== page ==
08.02.2018 | International Institute for Applied Systems Analysis (IIASA)

All articles from Ecology, The Environment and Conservation >>>

The most recent press releases about innovation >>>

Die letzten 5 Focus-News des innovations-reports im Überblick:

Im Focus: Why we need erasable MRI scans

New technology could allow an MRI contrast agent to 'blink off,' helping doctors diagnose disease

Magnetic resonance imaging, or MRI, is a widely used medical tool for taking pictures of the insides of our body. One way to make MRI scans easier to read is...

Im Focus: BAM@Hannover Messe: innovative 3D printing method for space flight

At the Hannover Messe 2018, the Bundesanstalt für Materialforschung und-prüfung (BAM) will show how, in the future, astronauts could produce their own tools or spare parts in zero gravity using 3D printing. This will reduce, weight and transport costs for space missions. Visitors can experience the innovative additive manufacturing process live at the fair.

Powder-based additive manufacturing in zero gravity is the name of the project in which a component is produced by applying metallic powder layers and then...

Im Focus: Molecules Brilliantly Illuminated

Physicists at the Laboratory for Attosecond Physics, which is jointly run by Ludwig-Maximilians-Universität and the Max Planck Institute of Quantum Optics, have developed a high-power laser system that generates ultrashort pulses of light covering a large share of the mid-infrared spectrum. The researchers envisage a wide range of applications for the technology – in the early diagnosis of cancer, for instance.

Molecules are the building blocks of life. Like all other organisms, we are made of them. They control our biorhythm, and they can also reflect our state of...

Im Focus: Spider silk key to new bone-fixing composite

University of Connecticut researchers have created a biodegradable composite made of silk fibers that can be used to repair broken load-bearing bones without the complications sometimes presented by other materials.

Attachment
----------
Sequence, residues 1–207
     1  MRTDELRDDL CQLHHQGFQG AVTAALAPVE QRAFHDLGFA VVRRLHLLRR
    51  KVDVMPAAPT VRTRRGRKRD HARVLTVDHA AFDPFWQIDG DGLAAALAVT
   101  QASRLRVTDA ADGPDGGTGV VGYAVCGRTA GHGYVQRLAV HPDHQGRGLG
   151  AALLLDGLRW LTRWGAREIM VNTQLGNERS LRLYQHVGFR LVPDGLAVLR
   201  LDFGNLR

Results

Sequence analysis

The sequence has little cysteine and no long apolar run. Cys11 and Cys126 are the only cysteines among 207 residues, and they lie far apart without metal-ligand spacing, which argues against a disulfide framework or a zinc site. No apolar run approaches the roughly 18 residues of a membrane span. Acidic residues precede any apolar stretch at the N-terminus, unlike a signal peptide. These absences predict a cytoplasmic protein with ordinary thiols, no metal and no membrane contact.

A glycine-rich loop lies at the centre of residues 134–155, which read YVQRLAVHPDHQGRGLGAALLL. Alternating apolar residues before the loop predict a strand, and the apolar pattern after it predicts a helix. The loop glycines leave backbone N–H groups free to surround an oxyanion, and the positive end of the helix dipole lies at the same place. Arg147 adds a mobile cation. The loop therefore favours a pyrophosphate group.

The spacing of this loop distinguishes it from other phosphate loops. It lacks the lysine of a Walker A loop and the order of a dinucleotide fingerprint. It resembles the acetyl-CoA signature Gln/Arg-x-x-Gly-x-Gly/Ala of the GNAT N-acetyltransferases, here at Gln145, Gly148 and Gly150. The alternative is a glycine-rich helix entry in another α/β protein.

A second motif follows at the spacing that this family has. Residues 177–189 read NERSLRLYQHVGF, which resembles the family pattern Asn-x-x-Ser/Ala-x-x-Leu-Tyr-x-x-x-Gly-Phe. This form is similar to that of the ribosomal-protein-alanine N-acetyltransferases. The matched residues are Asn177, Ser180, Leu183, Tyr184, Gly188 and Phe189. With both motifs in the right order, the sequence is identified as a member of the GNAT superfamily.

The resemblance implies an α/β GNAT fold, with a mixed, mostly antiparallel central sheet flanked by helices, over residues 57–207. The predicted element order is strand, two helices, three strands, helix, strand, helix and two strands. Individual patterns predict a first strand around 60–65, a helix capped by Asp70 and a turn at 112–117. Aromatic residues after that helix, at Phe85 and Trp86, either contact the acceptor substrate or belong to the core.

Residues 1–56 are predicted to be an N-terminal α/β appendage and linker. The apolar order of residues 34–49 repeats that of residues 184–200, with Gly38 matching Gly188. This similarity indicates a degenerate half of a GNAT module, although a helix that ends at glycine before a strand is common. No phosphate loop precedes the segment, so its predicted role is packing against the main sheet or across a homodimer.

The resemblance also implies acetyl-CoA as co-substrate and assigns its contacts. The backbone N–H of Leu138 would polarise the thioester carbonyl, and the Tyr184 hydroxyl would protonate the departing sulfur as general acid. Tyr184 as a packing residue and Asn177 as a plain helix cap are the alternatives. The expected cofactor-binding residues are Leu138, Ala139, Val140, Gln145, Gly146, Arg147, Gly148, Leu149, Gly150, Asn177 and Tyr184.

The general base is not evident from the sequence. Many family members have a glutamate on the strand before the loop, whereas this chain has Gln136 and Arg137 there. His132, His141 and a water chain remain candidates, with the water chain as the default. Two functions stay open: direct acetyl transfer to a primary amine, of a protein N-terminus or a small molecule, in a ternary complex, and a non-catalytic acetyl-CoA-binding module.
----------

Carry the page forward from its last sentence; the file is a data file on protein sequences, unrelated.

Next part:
Repairing major load-bearing bones such as those in the leg can be a long and uncomfortable process.

Im Focus: Writing and deleting magnets with lasers

Study published in the journal ACS Applied Materials & Interfaces is the outcome of an international effort that included teams from Dresden and Berlin in Germany, and the US.

Scientists at the Helmholtz-Zentrum Dresden-Rossendorf (HZDR) together with colleagues from the Helmholtz-Zentrum Berlin (HZB) and the University of Virginia...

All Focus news of the innovation-report >>>

Anzeige

Anzeige

VideoLinks
Industry & Economy
Event News

Invitation to the upcoming "Current Topics in Bioinformatics: Big Data in Genomics and Medicine"

13.04.2018 | Event News

Unique scope of UV LED technologies and applications presented in Berlin: ICULTA-2018

12.04.2018 | Event News

IWOLIA: A conference bringing together German Industrie 4.0 and French Industrie du Futur

09.04.2018 | Event News

 
Latest News

World's smallest optical implantable biodevice

26.04.2018 | Power and Electrical Engineering

Molecular evolution: How the building blocks of life may form in space

26.04.2018 | Life Sciences

First Li-Fi-product with technology from Fraunhofer HHI launched in Japan

26.04.2018 | Power and Electrical Engineering

VideoLinks
Science & Research
Overview of more VideoLinks >>>